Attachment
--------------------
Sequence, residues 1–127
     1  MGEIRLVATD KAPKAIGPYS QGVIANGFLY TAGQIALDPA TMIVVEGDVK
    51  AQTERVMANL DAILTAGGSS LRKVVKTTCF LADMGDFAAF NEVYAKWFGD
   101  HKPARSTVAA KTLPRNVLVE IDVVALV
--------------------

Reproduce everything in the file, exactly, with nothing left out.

Sequence, residues 1–127
     1  MGEIRLVATD KAPKAIGPYS QGVIANGFLY TAGQIALDPA TMIVVEGDVK
    51  AQTERVMANL DAILTAGGSS LRKVVKTTCF LADMGDFAAF NEVYAKWFGD
   101  HKPARSTVAA KTLPRNVLVE IDVVALV